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Chronic cluster headache: a review


Cluster headache (CH) is a rare but severe headache disorder characterised by repeated unilateral head pain attacks accompanied by ipsilateral autonomic features. In episodic CH, there are periods of headache attacks with pain–free intervals of weeks, months or years in between. A minority of patients have the chronic form, without pain–free intervals between the headache attacks. Chronic CH can occur as primary or secondary chronic CH; the rarest form is episodic CH arising from chronic CH. In this article, we give a review of the chronic forms of CH and focus on demographics, clinical manifestations, social habits, predictive factors, head injury, genetics, neuroimaging and therapy. It is remarkable that little is known about risk factors that make CH chronic.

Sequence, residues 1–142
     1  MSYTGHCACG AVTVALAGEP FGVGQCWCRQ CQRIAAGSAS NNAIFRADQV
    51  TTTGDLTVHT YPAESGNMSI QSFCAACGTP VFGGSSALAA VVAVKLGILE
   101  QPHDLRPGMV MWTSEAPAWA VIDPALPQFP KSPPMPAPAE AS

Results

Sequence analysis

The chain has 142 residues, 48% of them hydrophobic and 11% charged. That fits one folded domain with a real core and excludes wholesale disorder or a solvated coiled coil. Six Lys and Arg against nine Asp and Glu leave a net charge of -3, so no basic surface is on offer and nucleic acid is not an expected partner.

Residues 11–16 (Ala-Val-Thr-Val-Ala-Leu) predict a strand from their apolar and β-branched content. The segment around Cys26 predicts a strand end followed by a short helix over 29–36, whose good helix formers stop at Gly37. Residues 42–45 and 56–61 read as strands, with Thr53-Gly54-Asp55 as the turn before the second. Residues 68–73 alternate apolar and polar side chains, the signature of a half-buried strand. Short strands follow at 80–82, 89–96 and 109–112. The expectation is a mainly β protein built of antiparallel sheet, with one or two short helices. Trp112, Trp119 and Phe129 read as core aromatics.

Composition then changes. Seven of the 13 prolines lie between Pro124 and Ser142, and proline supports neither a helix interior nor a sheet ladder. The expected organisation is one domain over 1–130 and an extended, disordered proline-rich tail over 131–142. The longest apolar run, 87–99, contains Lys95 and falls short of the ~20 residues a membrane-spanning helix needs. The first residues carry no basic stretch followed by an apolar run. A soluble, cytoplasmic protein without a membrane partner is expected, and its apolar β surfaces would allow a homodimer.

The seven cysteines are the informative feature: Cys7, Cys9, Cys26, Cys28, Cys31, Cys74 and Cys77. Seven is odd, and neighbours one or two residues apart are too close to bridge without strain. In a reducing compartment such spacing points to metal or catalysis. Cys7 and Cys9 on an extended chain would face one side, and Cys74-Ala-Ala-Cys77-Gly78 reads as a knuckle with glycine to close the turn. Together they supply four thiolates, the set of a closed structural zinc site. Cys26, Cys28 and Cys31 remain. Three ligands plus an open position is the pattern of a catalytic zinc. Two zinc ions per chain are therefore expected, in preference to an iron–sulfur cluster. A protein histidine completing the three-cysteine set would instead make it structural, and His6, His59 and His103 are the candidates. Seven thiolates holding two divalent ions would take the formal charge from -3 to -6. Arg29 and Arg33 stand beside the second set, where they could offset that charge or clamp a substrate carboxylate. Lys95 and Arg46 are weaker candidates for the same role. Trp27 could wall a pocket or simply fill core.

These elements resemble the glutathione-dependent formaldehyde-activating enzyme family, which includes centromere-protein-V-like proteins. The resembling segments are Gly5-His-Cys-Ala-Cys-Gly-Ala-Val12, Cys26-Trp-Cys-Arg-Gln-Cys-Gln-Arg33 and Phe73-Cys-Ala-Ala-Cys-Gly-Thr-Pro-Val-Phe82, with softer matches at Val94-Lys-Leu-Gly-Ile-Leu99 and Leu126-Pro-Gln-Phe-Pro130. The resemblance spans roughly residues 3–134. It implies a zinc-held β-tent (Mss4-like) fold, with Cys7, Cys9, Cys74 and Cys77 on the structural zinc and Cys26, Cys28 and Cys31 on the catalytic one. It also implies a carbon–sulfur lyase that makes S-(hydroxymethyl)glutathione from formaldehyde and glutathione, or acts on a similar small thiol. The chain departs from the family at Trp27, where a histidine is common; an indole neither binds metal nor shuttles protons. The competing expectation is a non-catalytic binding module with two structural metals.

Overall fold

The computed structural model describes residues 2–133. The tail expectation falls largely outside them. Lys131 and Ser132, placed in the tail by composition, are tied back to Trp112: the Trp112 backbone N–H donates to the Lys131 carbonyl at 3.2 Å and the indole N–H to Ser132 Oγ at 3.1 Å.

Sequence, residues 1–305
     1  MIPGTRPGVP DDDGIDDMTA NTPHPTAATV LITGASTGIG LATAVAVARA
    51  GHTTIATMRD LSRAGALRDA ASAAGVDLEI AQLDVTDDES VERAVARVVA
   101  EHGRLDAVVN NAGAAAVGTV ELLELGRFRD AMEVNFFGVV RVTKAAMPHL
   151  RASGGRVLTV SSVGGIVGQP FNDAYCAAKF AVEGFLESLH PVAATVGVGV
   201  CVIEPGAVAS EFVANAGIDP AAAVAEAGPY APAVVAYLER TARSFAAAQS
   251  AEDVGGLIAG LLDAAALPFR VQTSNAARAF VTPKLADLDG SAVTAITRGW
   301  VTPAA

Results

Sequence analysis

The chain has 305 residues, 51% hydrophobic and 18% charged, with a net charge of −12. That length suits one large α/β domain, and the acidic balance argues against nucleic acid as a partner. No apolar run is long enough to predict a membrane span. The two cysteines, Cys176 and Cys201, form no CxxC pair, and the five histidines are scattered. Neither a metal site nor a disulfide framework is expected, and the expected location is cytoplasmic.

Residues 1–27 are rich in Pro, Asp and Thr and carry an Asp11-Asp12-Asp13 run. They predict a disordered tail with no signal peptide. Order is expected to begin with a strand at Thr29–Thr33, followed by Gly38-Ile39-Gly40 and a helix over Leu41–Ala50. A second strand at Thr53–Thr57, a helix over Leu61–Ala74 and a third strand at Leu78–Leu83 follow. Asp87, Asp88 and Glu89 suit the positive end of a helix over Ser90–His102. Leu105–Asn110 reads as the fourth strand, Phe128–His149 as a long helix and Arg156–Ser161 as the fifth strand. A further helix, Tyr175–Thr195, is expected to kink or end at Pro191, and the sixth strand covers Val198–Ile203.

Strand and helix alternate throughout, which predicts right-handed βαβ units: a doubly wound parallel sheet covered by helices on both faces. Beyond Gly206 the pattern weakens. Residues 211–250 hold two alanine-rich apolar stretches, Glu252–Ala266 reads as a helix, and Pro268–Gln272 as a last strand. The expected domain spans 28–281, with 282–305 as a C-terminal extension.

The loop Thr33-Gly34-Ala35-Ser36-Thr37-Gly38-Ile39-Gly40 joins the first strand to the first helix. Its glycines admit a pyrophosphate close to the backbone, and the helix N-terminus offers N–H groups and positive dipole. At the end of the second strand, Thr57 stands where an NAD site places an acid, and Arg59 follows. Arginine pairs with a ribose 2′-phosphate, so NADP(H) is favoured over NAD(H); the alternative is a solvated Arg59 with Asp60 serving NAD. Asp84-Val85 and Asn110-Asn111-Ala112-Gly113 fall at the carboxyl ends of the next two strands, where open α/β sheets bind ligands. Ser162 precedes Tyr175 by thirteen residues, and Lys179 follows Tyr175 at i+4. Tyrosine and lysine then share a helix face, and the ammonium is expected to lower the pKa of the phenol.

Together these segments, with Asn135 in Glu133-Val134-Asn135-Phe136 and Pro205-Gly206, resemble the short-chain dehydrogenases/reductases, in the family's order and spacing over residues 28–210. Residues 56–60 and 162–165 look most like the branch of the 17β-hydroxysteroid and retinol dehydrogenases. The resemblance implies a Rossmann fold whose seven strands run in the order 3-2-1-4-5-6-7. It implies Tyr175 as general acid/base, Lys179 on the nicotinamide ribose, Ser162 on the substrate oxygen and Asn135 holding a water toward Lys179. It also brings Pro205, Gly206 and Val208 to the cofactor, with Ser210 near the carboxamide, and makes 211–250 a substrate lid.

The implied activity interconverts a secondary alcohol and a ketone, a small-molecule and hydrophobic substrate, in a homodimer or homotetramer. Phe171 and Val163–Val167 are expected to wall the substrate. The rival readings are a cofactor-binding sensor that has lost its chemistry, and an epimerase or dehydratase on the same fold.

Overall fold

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Correspondence to M. D. Ferrari.

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Open Access This is an open access article distributed under the terms of the Creative Commons Attribution Noncommercial License ( ), which permits any noncommercial use, distribution, and reproduction in any medium, provided the original author(s) and source are credited.

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Favier, I., Haan, J. & Ferrari, M.D. Chronic cluster headache: a review. J Headache Pain 6, 3–9 (2005).

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